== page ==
Thomas Newcomen, a Devonshire blacksmith, developed the first successful steam engine in the world and used it to pump water from mines. His engine was a development of the thermic siphon built by Thomas Savery, whose surface condensation patents blocked his own designs. Newcomen’s engine allowed steam to condense inside a water-cooled cylinder, the vacuum produced by this condensation being used to draw down a tightly fitting piston that was connected by chains to one end of a huge, wooden, centrally pivoted beam. The other end of the beam was attached by chains to a pump at the bottom of the mine. The whole system was run safely at near atmospheric pressure, the weight of the atmosphere being used to depress the piston into the evacuated cylinder.
Newcomen’s first atmospheric steam engine worked at conygree in the west midlands of England. Many more were built in the next seventy years, the initial brass cylinders being replaced by larger cast iron ones, some up to 6 feet (1.8 m) in diameter. The engine was relatively inefficient, and in areas where coal was not plentiful was eventually replaced by double-acting engines designed by James Watt. These used both sides of the cylinder for power strokes and usually had separate condensers. James watt was responsible for some of the most important advances in steam engine technology.
In 1765 watt made the first working model of his most important contribution to the development of steam power, he patented it in 1769. His innovation was an engine in which steam condensed outside the main cylinder in a separate condenser. The cylinder remained at working temperature at all times. Watt made several other technological improvements to increase the power and efficiency of his engines. For example, he realized that, within a closed cylinder, low pressure steam could push the piston instead of atmospheric air. It took only a short mental leap for watt to design double-acting engine in which steam pushed the piston first one way, then the other, increasing efficiency still further.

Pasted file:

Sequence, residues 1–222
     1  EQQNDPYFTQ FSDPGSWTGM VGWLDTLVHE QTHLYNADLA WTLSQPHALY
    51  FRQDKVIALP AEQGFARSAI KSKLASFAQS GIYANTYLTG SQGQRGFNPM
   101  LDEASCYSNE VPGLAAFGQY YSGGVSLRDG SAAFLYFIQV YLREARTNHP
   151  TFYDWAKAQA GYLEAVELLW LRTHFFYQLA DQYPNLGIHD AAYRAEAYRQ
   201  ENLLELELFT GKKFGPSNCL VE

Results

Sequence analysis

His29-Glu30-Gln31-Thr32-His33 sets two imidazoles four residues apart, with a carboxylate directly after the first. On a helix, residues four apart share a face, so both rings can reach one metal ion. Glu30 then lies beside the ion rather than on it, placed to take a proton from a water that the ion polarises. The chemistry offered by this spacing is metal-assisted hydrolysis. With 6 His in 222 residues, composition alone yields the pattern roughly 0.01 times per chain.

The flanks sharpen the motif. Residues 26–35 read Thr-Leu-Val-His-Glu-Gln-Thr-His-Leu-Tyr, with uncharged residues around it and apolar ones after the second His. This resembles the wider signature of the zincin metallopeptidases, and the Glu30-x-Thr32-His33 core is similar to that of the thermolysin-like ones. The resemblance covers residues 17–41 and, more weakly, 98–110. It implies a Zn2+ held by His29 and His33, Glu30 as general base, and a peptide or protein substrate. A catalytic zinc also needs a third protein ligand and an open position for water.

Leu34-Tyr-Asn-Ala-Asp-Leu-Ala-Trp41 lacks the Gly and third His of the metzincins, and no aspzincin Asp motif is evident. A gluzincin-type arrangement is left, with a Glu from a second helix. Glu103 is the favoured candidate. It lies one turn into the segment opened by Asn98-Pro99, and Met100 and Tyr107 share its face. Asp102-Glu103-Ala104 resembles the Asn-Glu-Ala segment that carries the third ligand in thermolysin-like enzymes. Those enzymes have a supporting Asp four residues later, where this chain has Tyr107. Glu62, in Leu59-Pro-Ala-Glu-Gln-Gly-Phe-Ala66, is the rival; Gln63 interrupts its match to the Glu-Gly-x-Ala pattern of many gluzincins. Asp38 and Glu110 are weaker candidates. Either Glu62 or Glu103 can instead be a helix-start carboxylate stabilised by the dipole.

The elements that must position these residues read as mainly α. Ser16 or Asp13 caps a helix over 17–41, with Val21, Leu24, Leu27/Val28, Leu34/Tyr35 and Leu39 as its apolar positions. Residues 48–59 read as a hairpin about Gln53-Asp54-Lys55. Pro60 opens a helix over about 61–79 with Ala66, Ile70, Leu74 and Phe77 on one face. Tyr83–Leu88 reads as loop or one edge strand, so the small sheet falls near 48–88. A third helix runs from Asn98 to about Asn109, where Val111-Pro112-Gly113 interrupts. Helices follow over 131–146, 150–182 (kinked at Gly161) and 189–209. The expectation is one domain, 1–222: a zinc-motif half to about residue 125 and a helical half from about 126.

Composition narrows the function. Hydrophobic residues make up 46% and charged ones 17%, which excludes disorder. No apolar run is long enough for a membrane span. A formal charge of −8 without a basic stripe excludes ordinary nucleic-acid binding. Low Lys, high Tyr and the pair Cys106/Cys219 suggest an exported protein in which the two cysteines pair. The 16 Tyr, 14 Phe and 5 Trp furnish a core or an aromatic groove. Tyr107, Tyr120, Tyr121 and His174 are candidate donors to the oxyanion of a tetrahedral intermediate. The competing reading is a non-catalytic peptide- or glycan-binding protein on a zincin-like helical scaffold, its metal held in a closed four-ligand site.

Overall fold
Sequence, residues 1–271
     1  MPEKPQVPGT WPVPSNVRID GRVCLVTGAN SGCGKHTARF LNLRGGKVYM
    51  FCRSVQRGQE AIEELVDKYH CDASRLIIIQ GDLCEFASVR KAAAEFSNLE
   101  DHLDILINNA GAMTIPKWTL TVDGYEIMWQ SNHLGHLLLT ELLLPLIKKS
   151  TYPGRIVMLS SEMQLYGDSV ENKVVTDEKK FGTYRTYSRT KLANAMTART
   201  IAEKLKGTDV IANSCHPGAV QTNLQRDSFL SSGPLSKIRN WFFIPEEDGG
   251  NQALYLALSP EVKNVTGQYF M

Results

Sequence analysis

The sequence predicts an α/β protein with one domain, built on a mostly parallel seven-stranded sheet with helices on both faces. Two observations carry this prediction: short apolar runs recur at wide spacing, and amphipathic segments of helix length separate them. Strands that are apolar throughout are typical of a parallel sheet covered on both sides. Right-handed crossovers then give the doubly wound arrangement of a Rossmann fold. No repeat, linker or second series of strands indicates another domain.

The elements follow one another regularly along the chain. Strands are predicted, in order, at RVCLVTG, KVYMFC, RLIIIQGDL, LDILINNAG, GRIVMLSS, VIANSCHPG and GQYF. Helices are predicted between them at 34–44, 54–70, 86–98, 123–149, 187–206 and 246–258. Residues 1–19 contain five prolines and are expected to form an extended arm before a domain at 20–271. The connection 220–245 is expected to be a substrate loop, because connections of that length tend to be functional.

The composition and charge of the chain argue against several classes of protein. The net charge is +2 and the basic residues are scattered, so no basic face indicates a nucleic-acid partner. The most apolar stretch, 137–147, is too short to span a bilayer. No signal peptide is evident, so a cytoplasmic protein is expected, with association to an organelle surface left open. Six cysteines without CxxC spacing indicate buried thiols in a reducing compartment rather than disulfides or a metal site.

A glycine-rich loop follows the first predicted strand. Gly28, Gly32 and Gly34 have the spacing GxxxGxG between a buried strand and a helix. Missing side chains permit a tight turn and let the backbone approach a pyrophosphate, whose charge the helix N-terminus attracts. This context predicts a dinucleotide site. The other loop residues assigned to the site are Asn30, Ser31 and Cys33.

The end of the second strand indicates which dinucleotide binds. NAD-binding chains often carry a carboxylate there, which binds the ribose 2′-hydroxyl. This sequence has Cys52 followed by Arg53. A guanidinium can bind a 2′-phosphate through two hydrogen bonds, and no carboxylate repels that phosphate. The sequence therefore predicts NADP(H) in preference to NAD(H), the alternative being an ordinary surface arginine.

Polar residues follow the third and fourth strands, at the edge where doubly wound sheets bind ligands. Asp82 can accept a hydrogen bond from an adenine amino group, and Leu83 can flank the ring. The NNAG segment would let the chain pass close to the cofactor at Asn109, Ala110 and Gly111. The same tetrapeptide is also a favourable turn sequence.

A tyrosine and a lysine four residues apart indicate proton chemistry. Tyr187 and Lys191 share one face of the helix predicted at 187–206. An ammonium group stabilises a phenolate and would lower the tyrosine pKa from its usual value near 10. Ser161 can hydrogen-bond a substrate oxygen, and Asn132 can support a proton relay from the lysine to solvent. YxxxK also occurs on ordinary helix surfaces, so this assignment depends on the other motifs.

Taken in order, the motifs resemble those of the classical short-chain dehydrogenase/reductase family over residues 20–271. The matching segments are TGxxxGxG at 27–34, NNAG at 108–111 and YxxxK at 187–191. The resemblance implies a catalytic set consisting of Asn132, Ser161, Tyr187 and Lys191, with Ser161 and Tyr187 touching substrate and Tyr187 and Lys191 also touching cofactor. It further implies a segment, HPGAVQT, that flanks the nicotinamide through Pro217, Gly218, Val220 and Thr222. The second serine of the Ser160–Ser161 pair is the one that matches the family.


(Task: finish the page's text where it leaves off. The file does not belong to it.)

Watt’s influence in the history of steam engine technology owes as much to his business partner, Matthew Boulton, as it does to his own ingenuity. The two men formed a partnership in 1775, and Boulton poured huge amount of money into watt’s innovations. From 1781, Boulton and watt began making and selling steam engines that produced rotary motion. All the previous engines had been restricted to a vertical, pumping action. Rotary steam engines were soon the most common source of power for factories, becoming a major driving force behind Britain’s industrial revolution.
By the age of nineteen, Cornishman Richard Trevithick worked for the Cornish mining industry as a consultant engineer. The mine owners were attempting to skirt around the patents owned by James Watt. William Murdoch had developed a model steam carriage, starting in 1784, and demonstrated it to Trevithick in 1794. Trevithick thus knew that recent improvements in the manufacturing of boilers meant that they could now cope with much higher steam pressure than before. By using high pressure steam in his experimental engines, Trevithick was able to make them smaller, lighter, and more manageable.
Trevithick constructed high pressure working models of both stationary and locomotive engines that were so successful that in 1799 he built a full scale, high pressure engine for hoisting ore. The used steam was vented out through a chimney into the atmosphere, bypassing watt’s patents. Later, he built a full size locomotive that he called puffing devil. On December 24, 1801, this bizarre-looking machine successfully carried several passengers on a journey up Camborne hill in Cornwall. Despite objections from watt and others about dangers of high pressure steam, Trevithick’s work ushered in a new era of mechanical power and transport.